Here's a discouraging metric: Google the phrase "endangered places" and you'll get more than 30,000 results. The Natural Resources Defense Council wants to preserve the white water of Patagonia's Futaleufu River; the World Wildlife Fund urges saving the Bering Sea; Concierge.com (the digital imprint of Condé Nast Traveler) encourages adventurers to see the Swiss glaciers before they succumb to global climate change.
The clock is ticking on the fabled snows of Mt. Kilimanjaro, and for the same reason. "Ironically," says Concierge.com, "the very fact that its snowfield[s] are endangered means people are rushing to climb Kilimanjaro now, before the glaciers melt entirely--meaning even more pressure on the fragile mountain and the nearby Serengeti Plain."
However, to suggest irony is to imply not knowing, as if travelers didn't realize they were complicit in the hastening destruction of the mountain. This is obviously not the case. The truth is, growing numbers of travelers venturing to remote and fragile places--Palawan in the Philippines, the Silver Bank in the Caribbean, Machu Picchu, the Galapagos--go with the certain knowledge that their presence makes matters worse. And they go anyway.
By now, everyone gets this, right? You cannot expect to tromp into the Virunga highlands to view gorillas as if you were an incorporeal spirit. You can't have fascinating encounters with large marine animals--humpback whales in the Pacific, pink dolphins in the Amazon--without a large ship to take you there. Adventure tourism happens at the whip end of expense, pollution and environmental disruption.
On a fundamental level, ecotourism is a contradiction in terms, regardless of what Abercrombie & Kent tells you. It's not enough to say that ecotourism supports local economies in ways that limit more destructive industries such as logging, hunting and factory fishing. If the object is to preserve wild places for future generations, finessing the rate of their exploitation is not the solution.
For me, travel is becoming an exercise in cognitive dissonance. I've been on six continents and in 40-odd countries, and lately, every time I pack my bags, I stuff a few kilos of liberal guilt in there along with my camera and antibiotics. A couple of days ago, I was invited to Mongolia, where I'd love to go and where, it must be said, there isn't exactly a delicate ecosystem hanging in the balance. Still, I'm hesitating. Truly one of the last isolated places, Mongolia doesn't need me to come over the hill in my high-tech trekking gear.
As a diver, I have longed to go to the Galapagos, but I know that the dive boats--albeit strictly regulated by the Ecuadorean government--are wrecking the place. Bhutan, arguably the most exotic destination on this planet, is someplace I've always wanted to see, but I rather doubt that my arrival will appreciably add to the country's famous Gross National Happiness.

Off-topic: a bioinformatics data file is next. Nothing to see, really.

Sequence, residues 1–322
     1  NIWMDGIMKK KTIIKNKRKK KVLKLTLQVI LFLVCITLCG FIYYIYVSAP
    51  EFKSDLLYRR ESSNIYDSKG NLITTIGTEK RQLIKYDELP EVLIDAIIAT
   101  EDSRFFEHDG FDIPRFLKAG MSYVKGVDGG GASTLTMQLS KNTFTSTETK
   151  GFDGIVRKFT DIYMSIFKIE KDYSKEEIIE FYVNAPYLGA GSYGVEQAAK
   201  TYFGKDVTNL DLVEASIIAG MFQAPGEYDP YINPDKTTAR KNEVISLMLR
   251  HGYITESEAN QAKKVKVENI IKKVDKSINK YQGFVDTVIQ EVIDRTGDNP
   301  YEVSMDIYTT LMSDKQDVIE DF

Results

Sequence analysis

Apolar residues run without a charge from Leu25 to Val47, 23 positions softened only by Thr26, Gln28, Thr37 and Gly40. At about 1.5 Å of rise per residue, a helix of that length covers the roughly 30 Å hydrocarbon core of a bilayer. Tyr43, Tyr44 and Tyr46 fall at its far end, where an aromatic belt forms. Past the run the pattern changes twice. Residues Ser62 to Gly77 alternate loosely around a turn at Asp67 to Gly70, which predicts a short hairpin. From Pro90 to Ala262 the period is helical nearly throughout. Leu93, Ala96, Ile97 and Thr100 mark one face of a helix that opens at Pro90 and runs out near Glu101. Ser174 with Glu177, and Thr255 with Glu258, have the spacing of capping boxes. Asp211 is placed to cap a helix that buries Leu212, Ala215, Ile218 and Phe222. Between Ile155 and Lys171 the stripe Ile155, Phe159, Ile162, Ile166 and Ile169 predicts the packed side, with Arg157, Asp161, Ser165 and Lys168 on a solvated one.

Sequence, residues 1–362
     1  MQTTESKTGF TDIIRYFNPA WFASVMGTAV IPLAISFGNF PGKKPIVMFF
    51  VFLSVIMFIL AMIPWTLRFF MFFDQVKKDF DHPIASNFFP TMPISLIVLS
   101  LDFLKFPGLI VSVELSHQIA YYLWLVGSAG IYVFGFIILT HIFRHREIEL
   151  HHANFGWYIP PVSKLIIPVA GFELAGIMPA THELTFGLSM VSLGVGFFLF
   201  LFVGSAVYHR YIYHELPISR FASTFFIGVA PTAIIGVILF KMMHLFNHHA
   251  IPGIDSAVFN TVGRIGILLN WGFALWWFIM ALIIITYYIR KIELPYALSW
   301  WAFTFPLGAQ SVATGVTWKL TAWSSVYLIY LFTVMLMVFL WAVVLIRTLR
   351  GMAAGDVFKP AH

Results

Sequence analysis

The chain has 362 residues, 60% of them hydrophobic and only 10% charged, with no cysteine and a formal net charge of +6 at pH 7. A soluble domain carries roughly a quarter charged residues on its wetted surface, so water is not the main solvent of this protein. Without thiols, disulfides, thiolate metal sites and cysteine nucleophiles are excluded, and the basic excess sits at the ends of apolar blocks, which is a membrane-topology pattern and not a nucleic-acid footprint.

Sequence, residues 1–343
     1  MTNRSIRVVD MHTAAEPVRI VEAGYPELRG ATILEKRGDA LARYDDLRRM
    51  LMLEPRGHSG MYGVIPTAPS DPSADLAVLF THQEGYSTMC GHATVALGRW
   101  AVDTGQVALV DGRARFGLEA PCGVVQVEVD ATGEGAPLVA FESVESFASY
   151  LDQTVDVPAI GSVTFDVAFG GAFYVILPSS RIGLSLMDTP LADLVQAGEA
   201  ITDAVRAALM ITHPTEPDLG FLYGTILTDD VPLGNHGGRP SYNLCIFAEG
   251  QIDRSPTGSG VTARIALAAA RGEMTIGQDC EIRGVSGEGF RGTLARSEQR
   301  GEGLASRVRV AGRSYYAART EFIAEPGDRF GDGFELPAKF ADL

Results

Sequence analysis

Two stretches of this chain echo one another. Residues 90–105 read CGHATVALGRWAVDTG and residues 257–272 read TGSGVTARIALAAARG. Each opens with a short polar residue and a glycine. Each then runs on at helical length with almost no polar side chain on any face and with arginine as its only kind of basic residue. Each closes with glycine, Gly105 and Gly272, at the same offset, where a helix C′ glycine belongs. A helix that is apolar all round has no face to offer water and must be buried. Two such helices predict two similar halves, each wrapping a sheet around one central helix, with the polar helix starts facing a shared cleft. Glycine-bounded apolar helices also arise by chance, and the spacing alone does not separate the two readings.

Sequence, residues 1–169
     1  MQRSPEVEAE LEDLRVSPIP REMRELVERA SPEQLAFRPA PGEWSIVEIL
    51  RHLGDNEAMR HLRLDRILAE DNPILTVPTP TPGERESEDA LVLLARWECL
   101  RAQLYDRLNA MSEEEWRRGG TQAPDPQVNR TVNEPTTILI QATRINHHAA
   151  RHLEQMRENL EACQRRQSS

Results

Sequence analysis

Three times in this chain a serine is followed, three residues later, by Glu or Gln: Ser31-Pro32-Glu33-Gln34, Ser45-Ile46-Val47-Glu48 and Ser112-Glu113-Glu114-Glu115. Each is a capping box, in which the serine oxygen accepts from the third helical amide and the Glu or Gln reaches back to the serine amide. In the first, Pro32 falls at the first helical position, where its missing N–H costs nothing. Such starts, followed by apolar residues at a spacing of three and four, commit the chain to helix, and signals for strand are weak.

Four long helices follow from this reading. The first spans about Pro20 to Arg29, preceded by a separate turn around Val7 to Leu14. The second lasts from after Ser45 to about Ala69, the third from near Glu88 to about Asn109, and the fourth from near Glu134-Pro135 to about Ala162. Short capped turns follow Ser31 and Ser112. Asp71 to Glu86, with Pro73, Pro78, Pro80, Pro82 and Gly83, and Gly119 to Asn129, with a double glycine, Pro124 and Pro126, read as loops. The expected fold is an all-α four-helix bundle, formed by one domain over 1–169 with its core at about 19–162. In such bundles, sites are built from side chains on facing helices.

I belong to the luckiest generation, which has had easy access to the world's unspoiled places in the brief flicker of time before they were spoiled. And now we seem to be in a race--against global warming, against ourselves--to collect as many places as we can. Patricia Schultz's book "1,000 Places to See Before You Die" might as well be titled, "1,000 Places to See Before They Die."
Just how many tourists can troop up the steps of Lhasa before the Tibetan holy city comes tumbling down? How many Land Rover caravans can rumble across Kenya before the lions decide to take a powder? These must-see lists reduce the world to "destinations," boxes to be ticked in a global game of get-it-while-you-can. They turn places and nature into a commodity, inasmuch as all commodities are finite and exhaustible.
It's a peculiar function of our egocentrism to think that a place doesn't truly exist until it has been ratified by our presence. You know, I've been to the calving ice cliffs in the Arctic and, while the view was tremendous, I was slightly miserable to see the thin dusting of diesel soot embedded in the ice, the remnant of a thousand tour boats that take people to the foot of the glaciers. Actually, the view was better on IMAX.
And that brings me to my radical solution. Don't go. Travel conscientiously wherever--Paris, Bangkok, Banff--but when it comes to the most delicate and imperiled places, resist the urge to see them before they, or you, are gone. The fact is, most places in the world cannot withstand retail tourism. So just don't. Instead, I propose a new age of armchair traveling that relies on a highly vetted priesthood of professionals--writers and naturalists and documentarians--to bring back the sights and sounds of these places with as much verisimilitude as technology can muster. Naturally, I nominate me.
Times staff writer Dan Neil can be reached at email@example.com.